behind the closet door snippits

“What’s behind the closet door? A shriek, a moan, a bit of gore. Only this and nothing more.”

As she climbed the wood-plank ramp to the boardwalk, deep in her thoughts of what she might find on her desk, the aromas of caramel popcorn and sautéed onions and peppers were already reaching her through the warm sea-salt air. The ocean breeze lightly dazzled her face as she crossed the boardwalk; morning bicyclers whizzed by giving her figure a second look; a fat seagull swooped by low, letting out a shrill laugh. As she got closer to the beach, she noted that even at this early hour the heavy scent of suntan oil mingled with the essence of fresh baking pizza and Boardwalk Fries filled the air.

Wildwood in the summer.

Heather made her way to the office building, a vintage plywood structure disguised as a row of fairytale houses adjacent to the Whack Shack. It was a small building with gift shops and a target range at ground level, and three offices on top. Her office was the smallest, but had an incredible view north of the beach, ocean, and boardwalk. From her desk she could watch the thousands of tourists walking by, taking the tram car, stopping for lemonade and Boardwalk Fries, playing impossible to win games of ‘chance’ and overpaying for t-shirts, snacks, and souvenirs in the zillions of glittering shops and eateries. Arcade games beeped and rang, Ferris wheels spun, children laughed and screamed, sexy young women strolled the sand in string bikinis, goofy young men with long hair and gangly bodies followed them like hyenas. This was Wildwood, this was the beach and boards in all its glory.

From her window she could see vintage cars beginning to line up diagonally on the boardwalk, getting in place for the second day of the 4th of July Classic Car Show and Parade. She wondered if Dan’s truck would ever look shiny and new like the cars lining up…a bright yellow Corvette, a teal-blue ’50s Chevy, some kind of old Hot Rod in glossy metallic green with big wide tires and chrome wheels…she could almost see his whatever-it-was truck sitting there next to them, Dan standing by, bragging about the engine and the velour Cadillac seat and how he fixed the big hole rusted in the floor with a tin cracker box and duct tape.

Then she realized that she was putting off the inevitable; she had been in her office five full minutes and hadn’t looked at the folded note on her desk.
With a heavy sigh, she opened it.


Vicky came home from the diner just in time to help with the crates.
“Hey, baby…how’s the packing going?” she asked, catching up to Heather at the top of the stairs.
“All done, huf, all packed, woof,” Heather managed to answer as she took a breath of the cold, damp air, “Just…wheeze…just have to get these crates loaded.” She was winded. Those records weighed a ton.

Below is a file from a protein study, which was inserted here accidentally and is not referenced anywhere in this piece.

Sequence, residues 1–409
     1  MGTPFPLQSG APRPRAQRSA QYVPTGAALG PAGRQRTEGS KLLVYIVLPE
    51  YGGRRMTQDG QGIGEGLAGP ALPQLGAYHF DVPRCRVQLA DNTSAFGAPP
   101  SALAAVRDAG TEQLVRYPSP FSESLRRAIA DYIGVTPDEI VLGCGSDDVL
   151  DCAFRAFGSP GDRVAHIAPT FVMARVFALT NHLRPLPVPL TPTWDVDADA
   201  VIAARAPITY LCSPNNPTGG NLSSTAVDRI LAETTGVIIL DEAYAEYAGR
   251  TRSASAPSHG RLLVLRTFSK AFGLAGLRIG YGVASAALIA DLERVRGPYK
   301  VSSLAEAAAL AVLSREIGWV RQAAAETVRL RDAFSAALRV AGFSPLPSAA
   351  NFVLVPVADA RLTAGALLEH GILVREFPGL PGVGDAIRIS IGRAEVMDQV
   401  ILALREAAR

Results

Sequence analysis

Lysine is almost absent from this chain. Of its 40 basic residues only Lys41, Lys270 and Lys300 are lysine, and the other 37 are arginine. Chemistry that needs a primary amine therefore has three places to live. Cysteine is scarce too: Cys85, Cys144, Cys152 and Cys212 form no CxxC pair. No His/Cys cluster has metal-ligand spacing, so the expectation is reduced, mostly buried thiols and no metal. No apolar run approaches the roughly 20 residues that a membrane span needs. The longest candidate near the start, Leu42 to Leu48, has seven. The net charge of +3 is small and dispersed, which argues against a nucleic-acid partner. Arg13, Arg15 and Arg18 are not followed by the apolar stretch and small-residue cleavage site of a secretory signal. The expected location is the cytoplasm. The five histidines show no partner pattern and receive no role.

“Why don’t you wait for Dan to help you tomorrow?”
“Because I want to get it done tonight. That’s why I’m borrowing Jimmy’s truck instead of waiting for Dan’s. You gonna help me or what?”

She didn’t really want to help of course, not after working six to six at the Wildwood diner just to make a lousy twelve bucks in tips all day. After all, it was off-season. “Sure sweetie, I’ll help. Just let me put this stuff down and go to the powder room.” Heather shook her head; she always thought it was silly how Vicky called the lavatory the “powder room.” Of course, Vicky thought it was silly how Heather called it a “lavatory.” Karen just called it the John.
In a few minutes, they were both puffing and wheezing in the icy ocean air. “Goddammit it’s friggin’ cold as a witch’s tit out here!” was Vicky’s colorful way of putting it.
“Yea, they said on the radio it was 14 degrees at six o’clock. They said with the breeze it feels more like 10 below.”
“Ten below! Christ! Jesus! It ain’t been like this in neigh-on 40 years!”
Heather looked at her with her usual Vicky look. “It was like this last year too, remember? And in ’75. I remember, I was stuck in it both times with a bad battery in the Nova.”
“Well,” said Vicky, “I don’t give a rat’s ass how many years in a row it gets like this, I Goddamn hate it. I hate it! Weather like this belongs up in the friggin’ Yukon with that bastard Y-Yukon Jack and his frrriggin’ sleddd dogs. Frig!” She was stamping her feet and shivering from top to bottom. Vicky was a big woman, too, 5’10” and 38-28-36…when she shivered, buildings shook with her.


He stared at the postcard in his hand as if were Jack Slate’s maggoty, rotten skull itself being held. The writing on the card burned deep into his mind, searing his brain with writing that was penned 70 years before by a hand that was long since dead; a sincere note to an innocent child by his loving and caring father who had missed him dearly…and who would (somehow, Dan knew) never see him again.

Dan was sweating now, visibly shaking. His blood was being throttled through his veins with the force of a March storm, pushed on by a sickened heart that felt as if it had only seconds of life remaining. His mind was a racing torrent of thoughts and images, finally landing on the memory of the wispy mist in the library. Was that Jack Slate? Was that eerie specter floating above the dusty ledgers trying to communicate his story to Dan? Is it possible a ghost physically moved these postcards and papers to where Dan would find them, trying to right a wrong from beyond the grave?

Dan could feel his soul straining against his fear. His body was hot, yet his skin felt like a pincushion filled with icy needles. His mouth went dry and his legs weakened. A shock ran through his spine and into his skull, and he had to grab the back of the chair to steady himself, to keep from again collapsing to the floor.

Dan knew this feeling: he was scared as hell.


‘Mother of Pearls’ was the name painted across the back of the antique wooden trawler moored behind the century-old fishing shack. The outside may have looked gray and dingy, but the inside was pristine. Jimmy turned his attention back to the roof of the shack and sighed.
“Well, Cap, I think we need to get some more tin, and wood and roofing nails. This wood you have here is all rotted.”